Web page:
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Thailand aims to make itself even more tourist-friendly to Russians

By Svetlana Skarbo
26 November 2014

Aim to double bilateral trade between the countries to $10 billion in two years.

Thailand aims to see a boost in the amount Russian tourists spend when they visit the Land of Smiles. Picture: The Siberian Times

Tourism is one of the successes in rising trade between Moscow and Bangkok, with Siberian visitors to Thailand accounting for a major slice of the 1.7 million figure in 2013. An average of 4,775 Russians arrived in Thailand each day last year, a rise of 33 per cent on 2012.

This makes Russia the number two tourist market for the kingdom, after China.

Thailand aims to see a boost in the amount Russian tourists spend when they visit the Land of Smiles. 

'To that end, it will provide more Russian-speaking guides and cooperate to solve financial problems of tour agencies,' reported Bangkok-based The Nation newspaper.

Thailand's deputy commerce minister Apiradi Tantraporn is in Moscow this week aiming to promote a wide-range of commercial initiatives to boost trade betwen the two countries, some of which can take advantage of the current sanctions imposed on Russia by Western countries. 

'Russian investors will be invited to participate in the Rubber City plan at our industrial estate in Songkhla with the investment privileges offered,' said the minister, who will meet with deputy economic development minister Alexei Likhachev. She is leading a delegation of industrial, investment, tourism and agricultural representatives to attend the second meeting of the Russian-Thai committee on trade and economic cooperation.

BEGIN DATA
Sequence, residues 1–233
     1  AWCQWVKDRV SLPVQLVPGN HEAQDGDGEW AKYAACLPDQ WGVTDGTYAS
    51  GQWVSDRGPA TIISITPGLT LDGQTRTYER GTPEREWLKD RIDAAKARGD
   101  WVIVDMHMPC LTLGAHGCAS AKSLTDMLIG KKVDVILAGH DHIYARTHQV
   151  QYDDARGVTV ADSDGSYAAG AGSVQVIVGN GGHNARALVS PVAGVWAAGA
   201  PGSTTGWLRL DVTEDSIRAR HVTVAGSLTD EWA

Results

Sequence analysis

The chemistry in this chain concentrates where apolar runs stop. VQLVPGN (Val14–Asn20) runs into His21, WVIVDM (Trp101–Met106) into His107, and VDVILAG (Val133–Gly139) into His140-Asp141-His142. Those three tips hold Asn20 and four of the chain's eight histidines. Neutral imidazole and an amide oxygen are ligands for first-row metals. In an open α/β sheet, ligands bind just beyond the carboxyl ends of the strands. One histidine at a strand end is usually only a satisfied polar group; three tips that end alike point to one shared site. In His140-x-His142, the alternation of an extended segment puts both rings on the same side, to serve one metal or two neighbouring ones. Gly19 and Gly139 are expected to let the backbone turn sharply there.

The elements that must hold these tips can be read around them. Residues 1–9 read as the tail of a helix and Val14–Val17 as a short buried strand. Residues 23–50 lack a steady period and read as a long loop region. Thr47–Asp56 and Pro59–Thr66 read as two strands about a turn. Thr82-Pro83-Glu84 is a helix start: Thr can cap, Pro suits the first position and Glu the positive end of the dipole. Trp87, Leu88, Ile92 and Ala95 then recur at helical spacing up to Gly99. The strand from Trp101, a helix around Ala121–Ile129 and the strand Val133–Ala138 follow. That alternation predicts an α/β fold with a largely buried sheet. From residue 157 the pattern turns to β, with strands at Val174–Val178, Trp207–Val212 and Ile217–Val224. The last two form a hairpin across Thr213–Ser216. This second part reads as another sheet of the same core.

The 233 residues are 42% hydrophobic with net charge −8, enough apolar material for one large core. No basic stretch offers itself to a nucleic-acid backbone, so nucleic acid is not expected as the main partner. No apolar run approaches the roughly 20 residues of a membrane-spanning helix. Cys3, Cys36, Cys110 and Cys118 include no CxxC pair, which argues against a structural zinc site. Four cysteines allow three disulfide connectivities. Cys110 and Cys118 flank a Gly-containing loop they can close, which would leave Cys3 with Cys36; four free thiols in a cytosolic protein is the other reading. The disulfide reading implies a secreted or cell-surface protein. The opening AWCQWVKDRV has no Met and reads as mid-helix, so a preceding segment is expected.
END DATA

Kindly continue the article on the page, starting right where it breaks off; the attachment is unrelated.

Ms Apiradi said the Thai authorities want Moscow to increase its purchases of Thai products, particularly rice, frozen chicken, fish, fruits and vegetables.

The Thais will ask Russia to ease import regulations and revive trade negotiations between the two countries' relevant state agencies.

'Major export products include cars and parts, gems and jewellery, plastic pellets, canned and processed fruits, electrical appliances, engines and rice,' reported The Bangkok Post newspaper.  'Major imports include crude oil, iron and steel, fertilisers, insecticides, ores, finished oil, natural gas and gold bars.'

The Thais hope that they can export more chicken to Russia, which has curbed US and other Western imports. 

From 2009 to 2013, trade amounted to $4.33 billion annually on average. In the first nine months of this year, trade amounted to US$3.83 billion, rising 10.3 per cent year-on-year, figures which are seen as ripe for improvement. 

Two factors may count against tourism in the coming period: the marked decline of the Russian rouble in recent months, linked to Western sanctions and a falling oil price, and a perception of political instability in Thailand. Yet Thailand has become such a strong tourism market for people from Siberia and the Russian Far East that it is unlikely to suffer a major decline. 

The Kasikorn Research Centre estimates  the number of foreign tourists at 25 million this year, a 5.8 percent year-on-year drop.

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